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Salvador Dalí

Portrait de Ronsard (from Les Amours de Cassandre), 1968

Dry point etching with hand coloring and embellishment on japon
Bidding closed
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About the work
H
Hindman

Pierre Argillet, pub.

Pl: 13.5 x 9.75 inches.

Pierre Argillet, pub.

Pl: 13.5 x 9.75 inches.

Medium
Print
Signature
Signed in pencil with the artist's blind stamp
Salvador Dalí
Spanish, 1904–1989
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Salvador Dalí was a leading proponent of Surrealism, the 20-century avant-garde movement that sought to release the creative potential of the unconscious through strange, dream-like imagery. “Surrealism is destructive, but it destroys only what it considers to be shackles limiting our vision,” he said. Dalí is specially credited with the innovation of “paranoia-criticism,” a philosophy of art making he defined as “irrational understanding based on the interpretive-critical association of delirious phenomena.” In addition to meticulously painting fantastic compositions, such as The Accommodations of Desire (1929) and the melting clocks in his famed The Persistence of Memory (1931), Dalí was a prolific writer and early filmmaker, and cultivated an eccentric public persona with his flamboyant mustache, pet ocelot, and outlandish behavior and quips. “Each morning when I awake, I experience again a supreme pleasure,” he once said. “That of being Salvador Dalí.”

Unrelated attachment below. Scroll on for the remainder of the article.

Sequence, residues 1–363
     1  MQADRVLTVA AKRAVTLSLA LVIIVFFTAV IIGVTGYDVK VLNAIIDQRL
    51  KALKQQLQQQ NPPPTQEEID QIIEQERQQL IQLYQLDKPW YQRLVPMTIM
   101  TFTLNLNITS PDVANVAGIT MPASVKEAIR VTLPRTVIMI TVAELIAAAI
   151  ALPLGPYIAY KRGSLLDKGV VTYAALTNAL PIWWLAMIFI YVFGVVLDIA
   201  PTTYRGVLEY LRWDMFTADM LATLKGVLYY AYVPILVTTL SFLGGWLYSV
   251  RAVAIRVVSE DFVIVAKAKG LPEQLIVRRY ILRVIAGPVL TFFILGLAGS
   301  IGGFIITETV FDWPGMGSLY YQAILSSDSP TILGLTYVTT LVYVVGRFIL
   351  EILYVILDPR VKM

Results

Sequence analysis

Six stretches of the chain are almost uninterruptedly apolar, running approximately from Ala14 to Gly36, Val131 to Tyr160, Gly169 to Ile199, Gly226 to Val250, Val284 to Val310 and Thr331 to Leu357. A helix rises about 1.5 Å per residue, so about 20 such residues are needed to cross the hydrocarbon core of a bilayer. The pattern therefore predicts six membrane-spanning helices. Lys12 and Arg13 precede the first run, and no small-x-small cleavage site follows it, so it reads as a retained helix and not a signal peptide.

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About the work
H
Hindman

Pierre Argillet, pub.

Pl: 13.5 x 9.75 inches.

Pierre Argillet, pub.

Pl: 13.5 x 9.75 inches.

Medium
Print
Signature
Signed in pencil with the artist's blind stamp
Salvador Dalí
Spanish, 1904–1989
Follow

Salvador Dalí was a leading proponent of Surrealism, the 20-century avant-garde movement that sought to release the creative potential of the unconscious through strange, dream-like imagery. “Surrealism is destructive, but it destroys only what it considers to be shackles limiting our vision,” he said. Dalí is specially credited with the innovation of “paranoia-criticism,” a philosophy of art making he defined as “irrational understanding based on the interpretive-critical association of delirious phenomena.” In addition to meticulously painting fantastic compositions, such as The Accommodations of Desire (1929) and the melting clocks in his famed The Persistence of Memory (1931), Dalí was a prolific writer and early filmmaker, and cultivated an eccentric public persona with his flamboyant mustache, pet ocelot, and outlandish behavior and quips. “Each morning when I awake, I experience again a supreme pleasure,” he once said. “That of being Salvador Dalí.”

Salvador Dalí

Portrait de Ronsard (from Les Amours de Cassandre), 1968

Dry point etching with hand coloring and embellishment on japon
Bidding closed
Want to sell a work by this artist? Consign with Artsy.
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Surrealism